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Newspaper Page Text
?TyVJT ' -. ";j "J"5SF "HT ' 'fSH'-Wl?' '"IHWU"
mand: "Get the goods on Mc
Gowan!" he didn't hunt up the
young witness who had testified
in favor of Hines and Wiehe, the
men who "put over" Lorimer at
a cost of $f00,000. " "
Funny, isn't it? Old Sleuth
would have dodged McGowan's
footsteps, glued his ear to the
keyhole of McGowan's room, and
searched the room for "the pa
In Chicago was McGowan's
partner, Orme Stewart of Regi
na, Canada. Bailey went to the
bar-room, and in the time it took
them to get on the outside of a
half dozen beers was Stewart's
best friend. Bailey jdidn't wear a
disguise; didn't even hide behind
an assumed name. He said he
was a casualty agent for a struc
tural iron company, going around
to settle claims.
He went to Canada with Stew
art, satisfied that his man would
follow. That's the up-to-date
sleuth, he leads and his. prey fol
low right into the net !
Soon McGowan put in his ap
pearance. Stewart introduced the
two; nobody could doubt a friend
of his own business partner.
Then Bailey got in his fine
work. They hunted, together,
fished side by side, and drank
from the same flask. Little did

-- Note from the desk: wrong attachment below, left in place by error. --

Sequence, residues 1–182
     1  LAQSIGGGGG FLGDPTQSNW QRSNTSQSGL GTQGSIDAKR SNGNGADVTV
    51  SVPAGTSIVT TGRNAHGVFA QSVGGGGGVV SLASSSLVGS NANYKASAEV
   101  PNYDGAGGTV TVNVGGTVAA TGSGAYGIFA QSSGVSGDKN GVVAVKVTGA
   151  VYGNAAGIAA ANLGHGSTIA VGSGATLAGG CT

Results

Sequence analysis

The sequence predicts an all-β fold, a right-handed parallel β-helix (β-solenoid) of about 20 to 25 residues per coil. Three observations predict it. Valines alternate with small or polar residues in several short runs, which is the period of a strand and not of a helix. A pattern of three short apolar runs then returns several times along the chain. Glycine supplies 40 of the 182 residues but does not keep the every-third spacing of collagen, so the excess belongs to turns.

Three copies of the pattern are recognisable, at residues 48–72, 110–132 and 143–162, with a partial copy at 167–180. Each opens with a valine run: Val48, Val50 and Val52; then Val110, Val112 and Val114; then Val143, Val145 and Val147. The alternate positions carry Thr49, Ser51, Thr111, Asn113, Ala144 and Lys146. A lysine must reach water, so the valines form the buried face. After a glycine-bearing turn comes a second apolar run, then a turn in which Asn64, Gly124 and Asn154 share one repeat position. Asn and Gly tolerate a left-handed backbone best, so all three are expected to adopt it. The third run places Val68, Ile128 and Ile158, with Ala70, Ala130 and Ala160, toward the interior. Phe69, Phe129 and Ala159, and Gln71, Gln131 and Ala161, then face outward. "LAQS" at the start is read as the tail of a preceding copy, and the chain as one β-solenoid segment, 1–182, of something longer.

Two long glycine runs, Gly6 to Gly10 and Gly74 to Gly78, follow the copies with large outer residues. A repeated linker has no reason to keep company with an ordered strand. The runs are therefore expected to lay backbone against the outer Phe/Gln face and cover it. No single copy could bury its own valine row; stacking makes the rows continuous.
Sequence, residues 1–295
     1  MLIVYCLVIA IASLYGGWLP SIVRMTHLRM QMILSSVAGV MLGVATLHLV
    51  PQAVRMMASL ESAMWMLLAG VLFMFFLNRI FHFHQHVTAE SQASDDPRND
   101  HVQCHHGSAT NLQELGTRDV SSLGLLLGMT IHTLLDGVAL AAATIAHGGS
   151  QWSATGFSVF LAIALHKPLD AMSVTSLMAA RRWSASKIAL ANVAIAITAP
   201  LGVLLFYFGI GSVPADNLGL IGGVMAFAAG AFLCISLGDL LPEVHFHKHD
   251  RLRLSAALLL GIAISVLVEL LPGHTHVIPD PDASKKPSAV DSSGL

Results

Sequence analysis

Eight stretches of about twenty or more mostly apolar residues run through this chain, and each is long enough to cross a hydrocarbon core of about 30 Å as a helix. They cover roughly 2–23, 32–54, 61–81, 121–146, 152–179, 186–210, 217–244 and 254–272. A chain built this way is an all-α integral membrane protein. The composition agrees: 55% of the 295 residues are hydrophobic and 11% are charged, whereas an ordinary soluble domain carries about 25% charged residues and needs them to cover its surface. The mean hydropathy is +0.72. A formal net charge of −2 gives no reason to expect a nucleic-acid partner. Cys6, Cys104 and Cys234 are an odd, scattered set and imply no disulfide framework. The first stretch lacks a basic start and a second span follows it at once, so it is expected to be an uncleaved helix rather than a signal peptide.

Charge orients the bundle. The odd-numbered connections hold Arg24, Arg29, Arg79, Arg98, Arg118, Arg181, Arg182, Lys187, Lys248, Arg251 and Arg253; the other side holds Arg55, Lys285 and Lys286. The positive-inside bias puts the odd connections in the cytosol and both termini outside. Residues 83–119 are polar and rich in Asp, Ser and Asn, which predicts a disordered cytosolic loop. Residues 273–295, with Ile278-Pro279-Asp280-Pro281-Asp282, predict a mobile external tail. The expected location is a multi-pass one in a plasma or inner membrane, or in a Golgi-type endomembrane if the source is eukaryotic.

the deluded Canadian think this
jolly good fellow was other than
a friend. That was why he
Old Sleuth' couldn't Have
trapped McGowan, for "Mac" is a
wise youth; the faintest sign of
a "shadow" on bis trail yrcald
fiav&shut him up tighter than a
"But Bailey is a fine sport, he
huntsand fishes with me, he's all
to the good," reasoned "Mac".
And he told! Told everything,
Bailey testified. He told, says
Bailey, how he took $5 from
Shields for signing an affidavit. "I
might have taken the whole
bunch of kale Shields shoved over
tn mp hnt T wa; tnn d PTeen !"
He told again and again that
he had lied on the stand, and what
he got for it $1,500 and expens
es, says Bailey.
Bailey was sorry his young
friend had been satisfied with so
little. .From then on "Mac" told
Bailey everything he did or
thought concerning the Lorimer
case. Bailey's getting "Mac" to
come to the Toronto hotel to tell
it all to "my friend Harry Kerr"
didn't show any great detective
work, nor was the placing of a
stenographer with a dictagraph
in another room very noteworthy.
The big things were his scheme
of getting acquainted through
Stewart, and his gaining the com
plete confidence of McGowan.
After that it came easy.
. "An epigram," said the cynic, j
"is something that sounds inter- j
esting but doesn't really mean j
much." s v
"I know," replied Farmer
Corntossel. "You figger out an
epigram purty much the same '
way as the boarders used to re
gard our dinner bell." Washing- '
ton Evening Star.